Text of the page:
Make a Date with Writing

Make a Date with Writing Jan. 29, 2009

I’m author Elizabeth Koehler-Pentacoff, and I’m beginning a blog today that will tie in dates in history with ideas to inspire your imaginations. We all have days where we stare at our computer screens or the blank piece of paper in front of us and say, “What shall I write about? What shall I draw?” I hope these prompts will spark something within you for your creative project.

This date in 1959, Disney released Sleeping Beauty in the movie theaters. (One of my favorite fairy tales)

Write a fairy tale of your own. Or take an old fairy tale, and give it a new and exciting twist. Update it, combine a bunch of fairy tale characters together, mix and match and presto. Your own fairy tale.

And . . . if you’d like to take this another step . . . illustrate your fairy tale in any medium you choose.

**Reminder** If you are a Contra Costa middle school student, you can enter the California Writers Club Mt. Diablo Young Writers Contest FREE as many times as you like. Categories are short stories, poems, and personal narratives/essays. See www.lizbooks.com or http://mtdiablowriters.org/ for specifics.

Advertisements

7 Responses to “Make a Date with Writing”

  1. Lisa Stackpole Says:

    I had to comment on your affinity for Sleeping Beauty. My brother’s wife’s father used to work for Disney, and he did the voice of several Disney characters. I know he did Thumper in The Seven Dwarfs, and I believe he also did one or two voices in Sleeping Beauty. He died when my sister in law was only about 9 years old, but she can always hear his voice by listening to the old Disney films he took part in. I think that is kind of cool.

    • lizbooks Says:

      That is wonderful! What a fabulous legacy he has left to the family. Now when she misses him, she can turn on the movie and hear his voice . . . This leads to another idea of course. Family history. Another great topic. Tape your family when at all possible! Interview them, take movies of them at events when they aren’t thinking about being “on” camera . . . this will help your memories too and help your writing and art even more. Thank you so much Lisa for sharing. Beautiful! (Now I have to pop in my copy of Sleeping Beauty again!) Liz

  2. Michelle Says:

    Hi Elizabeth,

    What a lovely idea for a blog! I posted a poem today inspired by Hans Christian Andersen’s The Princess and the Pea:

    http://peonymoon.wordpress.com/2009/02/03/the-princess-and-the-pea

  3. jackruss86 Says:

    Replying to your Query, I’m a member of a delightful and challenging critique group we call “Writers on the Journey (WOTJ)”. Besides me, we have Dave George, Susan Berman, Nannette Carroll, Cheryl Spanos, Elisabeth Tuck, and Jill Hedgecock. We meet every second Thursday 7-8:30 PM at a member’s home on a rotational plan.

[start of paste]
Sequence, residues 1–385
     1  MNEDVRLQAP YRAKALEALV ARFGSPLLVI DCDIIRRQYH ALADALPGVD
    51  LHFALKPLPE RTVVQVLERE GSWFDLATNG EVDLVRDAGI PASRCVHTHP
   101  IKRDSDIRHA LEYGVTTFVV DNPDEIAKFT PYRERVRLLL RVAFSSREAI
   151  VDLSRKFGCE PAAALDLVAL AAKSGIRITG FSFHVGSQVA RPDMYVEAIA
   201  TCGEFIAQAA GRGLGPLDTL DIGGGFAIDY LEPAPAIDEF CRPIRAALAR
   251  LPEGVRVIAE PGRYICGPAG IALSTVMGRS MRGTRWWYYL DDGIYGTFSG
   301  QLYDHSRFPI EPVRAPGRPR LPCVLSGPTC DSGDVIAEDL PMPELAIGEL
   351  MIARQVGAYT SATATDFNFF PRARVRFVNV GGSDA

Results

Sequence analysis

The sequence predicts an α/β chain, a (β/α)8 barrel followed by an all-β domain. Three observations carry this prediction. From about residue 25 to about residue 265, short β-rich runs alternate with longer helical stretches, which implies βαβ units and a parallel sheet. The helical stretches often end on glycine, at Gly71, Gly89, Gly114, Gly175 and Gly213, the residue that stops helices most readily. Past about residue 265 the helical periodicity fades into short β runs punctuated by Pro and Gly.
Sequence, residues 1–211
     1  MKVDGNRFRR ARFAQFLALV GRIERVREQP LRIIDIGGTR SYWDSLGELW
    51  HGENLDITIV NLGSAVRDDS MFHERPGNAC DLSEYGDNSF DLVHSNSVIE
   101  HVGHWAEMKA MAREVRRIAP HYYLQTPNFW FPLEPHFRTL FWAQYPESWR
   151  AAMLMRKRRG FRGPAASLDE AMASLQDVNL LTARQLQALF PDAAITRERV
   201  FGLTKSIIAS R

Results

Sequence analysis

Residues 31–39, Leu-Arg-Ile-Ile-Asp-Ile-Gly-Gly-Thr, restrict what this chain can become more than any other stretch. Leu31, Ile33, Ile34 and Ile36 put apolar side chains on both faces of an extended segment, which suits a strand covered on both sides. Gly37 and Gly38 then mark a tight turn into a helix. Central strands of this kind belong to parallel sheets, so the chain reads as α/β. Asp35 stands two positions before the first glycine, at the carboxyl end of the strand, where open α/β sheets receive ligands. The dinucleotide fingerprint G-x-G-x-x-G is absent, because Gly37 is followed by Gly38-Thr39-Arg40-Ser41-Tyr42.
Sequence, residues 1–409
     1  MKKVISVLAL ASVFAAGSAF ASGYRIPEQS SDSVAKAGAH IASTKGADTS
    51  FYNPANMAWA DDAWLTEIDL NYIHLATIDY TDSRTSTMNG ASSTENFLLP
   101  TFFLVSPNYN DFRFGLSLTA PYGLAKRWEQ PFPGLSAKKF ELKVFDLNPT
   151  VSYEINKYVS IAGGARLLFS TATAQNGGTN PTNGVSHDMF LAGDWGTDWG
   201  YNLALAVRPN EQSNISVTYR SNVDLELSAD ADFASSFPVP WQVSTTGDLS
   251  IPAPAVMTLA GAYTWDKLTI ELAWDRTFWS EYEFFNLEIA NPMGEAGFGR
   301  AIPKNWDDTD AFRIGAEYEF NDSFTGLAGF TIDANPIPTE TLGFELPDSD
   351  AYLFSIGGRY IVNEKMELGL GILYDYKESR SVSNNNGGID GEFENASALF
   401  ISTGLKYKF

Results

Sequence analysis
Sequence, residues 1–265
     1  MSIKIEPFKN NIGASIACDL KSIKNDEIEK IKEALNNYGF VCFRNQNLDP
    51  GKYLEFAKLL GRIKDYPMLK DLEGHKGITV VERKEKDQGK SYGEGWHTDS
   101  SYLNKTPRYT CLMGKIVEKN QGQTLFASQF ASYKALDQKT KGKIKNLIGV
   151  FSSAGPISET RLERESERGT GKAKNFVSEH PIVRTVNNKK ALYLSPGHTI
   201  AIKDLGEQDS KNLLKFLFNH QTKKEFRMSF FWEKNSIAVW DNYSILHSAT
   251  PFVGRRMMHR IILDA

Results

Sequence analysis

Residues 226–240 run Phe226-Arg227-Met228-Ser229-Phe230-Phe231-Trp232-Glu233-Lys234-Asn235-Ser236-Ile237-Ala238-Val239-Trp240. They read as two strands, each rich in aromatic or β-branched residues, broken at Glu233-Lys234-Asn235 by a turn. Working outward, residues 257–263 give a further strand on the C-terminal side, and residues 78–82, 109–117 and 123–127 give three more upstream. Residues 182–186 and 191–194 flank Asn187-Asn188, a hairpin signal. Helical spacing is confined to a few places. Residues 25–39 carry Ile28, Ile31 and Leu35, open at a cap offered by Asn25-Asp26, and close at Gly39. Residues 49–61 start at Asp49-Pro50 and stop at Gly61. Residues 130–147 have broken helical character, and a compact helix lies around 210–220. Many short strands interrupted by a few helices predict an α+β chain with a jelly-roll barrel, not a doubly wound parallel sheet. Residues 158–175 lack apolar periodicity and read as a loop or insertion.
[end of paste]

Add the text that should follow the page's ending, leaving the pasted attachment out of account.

• lizbooks Says:

      I’ve heard about your wonderful critique group, Jack, and Camille’s, too. They both sound fabulous! A good point of both of these groups is to network in the California Writers Club and Sisters in Crime and online like Susan, to find great writing connections that can last for years. I’ve known a couple of the people in my group for over twenty-years! (met them when I was two? )

  4. Lani Longshore Says:

    Hi, Liz – re your question on critique groups, I am in two and a half. Ed Miracle, Marlene Dotterer and I have a strictly sci fi group that meets once a month. We get into the technical aspects of writing but with an eye toward a very specific audience. The other group and a half is Hector Timourian’s monthly group out of Tri-Valley Writers. We just recently split into short story and novel groups, with dual membership allowed. I’m not sure I will be able to do a short story group as well as the novel group right away, but having that deadline of 1000 words every month really helped me build up a body of work. Although I am the only sci fi writer in the group, I treasure my colleagues responses. The questions they have asked made me work harder to write clearly, and recognize when I was overusing the genre’s conventions.

Leave a Reply

Fill in your details below or click an icon to log in:

WordPress.com Logo

You are commenting using your WordPress.com account. Log Out / Change )

Twitter picture

You are commenting using your Twitter account. Log Out / Change )

Facebook photo

You are commenting using your Facebook account. Log Out / Change )

Google+ photo

You are commenting using your Google+ account. Log Out / Change )

Connecting to %s